When your energy and mood are perpetually in flux and you’re looking for the next pick-me-up, do yourself a favor—don’t pick anything up.
If you’re like most people, you have to work hard everyday to maintain your energy. And there’s something you should know: Your body’s natural state is balance, so mood swings and fatigue throughout your day really should be rare.
But in today’s world, finding balance and steadiness may seem like an overwhelming task. Our busy schedules and the competing demands for our time often lead straight to stress, and that perpetuates bad habits: a poor diet, irregular sleep, and insufficient exercise. We’re constantly exhausted, and then we turn to coffee, energy drinks, or sweets for a quick boost. And they all work—until we come crashing down again.
This mix is a recipe for disaster. It’s a vicious cycle that will wreak havoc on your body’s normal chemical and physiological functions. But you can stop it. You can establish a regular cycle of eating and sleeping, so your body maintains a constant level of energy throughout the day that tapers off at night. Achieve this goal, and you won’t have to work hard to have energy—you’ll just have it, naturally and consistently.
With patience and commitment, you can move beyond your tired routine and create mental and physical vitality all on your own. Here’s how to gain some balance and build those good habits that will yield big results.
Set the Tone
Breakfast is by far the most important meal: It sets the tone for your energy and mood all day long. When you skip breakfast or eat poorly in the morning—particularly when you eat foods that quickly convert into glucose (sugar)—you become subject to quick spikes of energy and sudden crashes.
A nutrient-void breakfast—or no breakfast at all—will make you a low-energy, irritable girl. And look to stimulants like caffeine and sugar to pick you up throughout the day.
So get ahead of the game and make time each morning for a healthy breakfast. Skip the breads, pastries, cereals, or muffins made with white flour and added sugars, as well as most fruit juices. Instead, eat a hearty breakfast of high-fiber, whole-grain bread, oatmeal, fruit, and protein (eggs, nut butters, almonds, tofu, or Greek yogurt). And if you don’t like eating breakfast first thing, grab a banana and a handful of nuts, and have it as soon as you’re feeling up for it.
Skipping meals during the day will leave you tired and cranky. (Have you ever been around a baby when it’s feeding time?) If you go too long without eating, your blood sugar will sink, and you’ll be prone to mood swings.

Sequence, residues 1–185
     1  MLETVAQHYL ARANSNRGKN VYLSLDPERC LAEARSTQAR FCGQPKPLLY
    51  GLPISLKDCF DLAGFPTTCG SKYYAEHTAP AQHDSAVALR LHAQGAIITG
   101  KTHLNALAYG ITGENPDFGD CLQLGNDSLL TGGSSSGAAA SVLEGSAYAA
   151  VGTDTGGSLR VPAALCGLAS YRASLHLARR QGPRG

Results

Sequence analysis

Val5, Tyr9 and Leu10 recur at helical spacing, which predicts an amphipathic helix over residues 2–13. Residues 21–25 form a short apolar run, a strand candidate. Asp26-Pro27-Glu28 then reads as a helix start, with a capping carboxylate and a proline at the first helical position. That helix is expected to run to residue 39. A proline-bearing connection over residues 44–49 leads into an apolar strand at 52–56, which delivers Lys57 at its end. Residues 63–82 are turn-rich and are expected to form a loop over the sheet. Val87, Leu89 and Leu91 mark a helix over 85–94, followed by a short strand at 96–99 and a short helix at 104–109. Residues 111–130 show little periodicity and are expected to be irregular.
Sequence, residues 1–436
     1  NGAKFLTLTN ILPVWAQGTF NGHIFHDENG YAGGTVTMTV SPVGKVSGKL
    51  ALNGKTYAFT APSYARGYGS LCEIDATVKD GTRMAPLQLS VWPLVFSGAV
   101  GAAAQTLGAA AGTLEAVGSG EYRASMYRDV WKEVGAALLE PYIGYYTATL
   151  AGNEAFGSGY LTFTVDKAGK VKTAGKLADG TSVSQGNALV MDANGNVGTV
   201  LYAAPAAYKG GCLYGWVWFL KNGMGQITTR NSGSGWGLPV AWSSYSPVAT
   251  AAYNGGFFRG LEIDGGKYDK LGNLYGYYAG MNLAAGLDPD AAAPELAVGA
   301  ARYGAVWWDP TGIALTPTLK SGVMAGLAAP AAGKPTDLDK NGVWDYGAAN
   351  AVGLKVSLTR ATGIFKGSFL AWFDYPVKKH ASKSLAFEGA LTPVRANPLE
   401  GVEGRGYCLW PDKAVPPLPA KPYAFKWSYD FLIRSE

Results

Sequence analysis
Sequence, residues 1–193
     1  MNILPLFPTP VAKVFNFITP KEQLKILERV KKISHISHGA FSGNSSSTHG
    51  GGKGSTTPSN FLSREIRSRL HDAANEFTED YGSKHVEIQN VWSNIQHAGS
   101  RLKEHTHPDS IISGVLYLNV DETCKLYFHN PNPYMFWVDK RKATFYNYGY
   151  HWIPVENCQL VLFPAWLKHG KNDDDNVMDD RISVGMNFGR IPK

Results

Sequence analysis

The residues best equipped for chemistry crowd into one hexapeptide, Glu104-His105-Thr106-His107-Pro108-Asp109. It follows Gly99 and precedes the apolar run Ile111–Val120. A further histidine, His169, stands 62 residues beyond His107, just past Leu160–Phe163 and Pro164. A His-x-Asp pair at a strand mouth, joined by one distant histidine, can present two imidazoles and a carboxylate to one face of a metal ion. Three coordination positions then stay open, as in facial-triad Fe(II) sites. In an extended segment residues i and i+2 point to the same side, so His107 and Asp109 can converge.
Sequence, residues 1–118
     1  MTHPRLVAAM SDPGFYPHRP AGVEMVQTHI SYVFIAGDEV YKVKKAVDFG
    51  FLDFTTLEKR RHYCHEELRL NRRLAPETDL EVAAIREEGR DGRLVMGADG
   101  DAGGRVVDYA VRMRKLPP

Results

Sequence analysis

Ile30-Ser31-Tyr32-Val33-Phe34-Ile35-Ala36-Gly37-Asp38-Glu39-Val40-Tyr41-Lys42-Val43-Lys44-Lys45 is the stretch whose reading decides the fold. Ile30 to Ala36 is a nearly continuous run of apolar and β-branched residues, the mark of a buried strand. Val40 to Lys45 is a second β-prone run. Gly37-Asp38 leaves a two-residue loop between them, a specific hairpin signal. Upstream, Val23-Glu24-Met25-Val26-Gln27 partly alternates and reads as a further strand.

So eat a balanced lunch, drink plenty of water, and keep healthy snacks on hand—never letting yourself get too hungry. And when you’re tempted to reach for that low-calorie salad at lunchtime, keep in mind that your body does need carbs during the day.
Select complex carbohydrates that are high in fiber and packed with whole grains—these are the carbs that will break down gradually in your body, make you feel fuller longer, and have a calming effect on your moods. Your best sources are legumes, vegetables, pastas, and cereals. And definitely avoid simple carbohydrates and sugars in foods like candy, cookies, cake, and soda, which create serious spikes and troughs in blood sugar.
A good night’s sleep is essential for your health—and your mood, cognitive capacity, and productivity all depend on it, too. But it’s not just about the number of hours you sleep: Quality counts, too. And what you put in your body can have a huge impact.
If you drink caffeinated beverages like coffee or tea, limit your intake to one cup early in the day. Caffeine’s effects can hang around your body for six to eight hours and will hijack normal sleep patterns if consumed too close to bedtime. The same can be said of alcohol. A common, but inaccurate, belief is that alcohol helps people sleep. While it may help you fall asleep faster, research has shown that alcohol disrupts your slumber during the latter part of your sleep cycle. Avoid drinking within three hours of going to bed, and never depend on alcohol to help you fall asleep.
Lastly, give yourself at least three hours between your last bite and time your head hits the pillow. Eating a large meal right before bed forces your body’s organs to keep working when they should be at rest—and if your body can’t relax, you can’t relax. Lying down is not an optimal position for digestion anyway, as it can create GI discomfort that may keep you awake. If you can’t avoid not eating closer to bed time, make sure you choose a light, healthy snack.
Changes don’t happen overnight, but establishing a regular, nutritious diet is a sure way to find inner balance and increased vitality that will last you throughout they day. The key is consistency: It’s not enough to swap out an apple for your usual post-lunch Starbucks run once or twice. And of course, keep in mind that there’s no one diet that works for everyone—if you have particular concerns or dietary restrictions, consult with a health or nutrition professional who can help you make the best plan for you.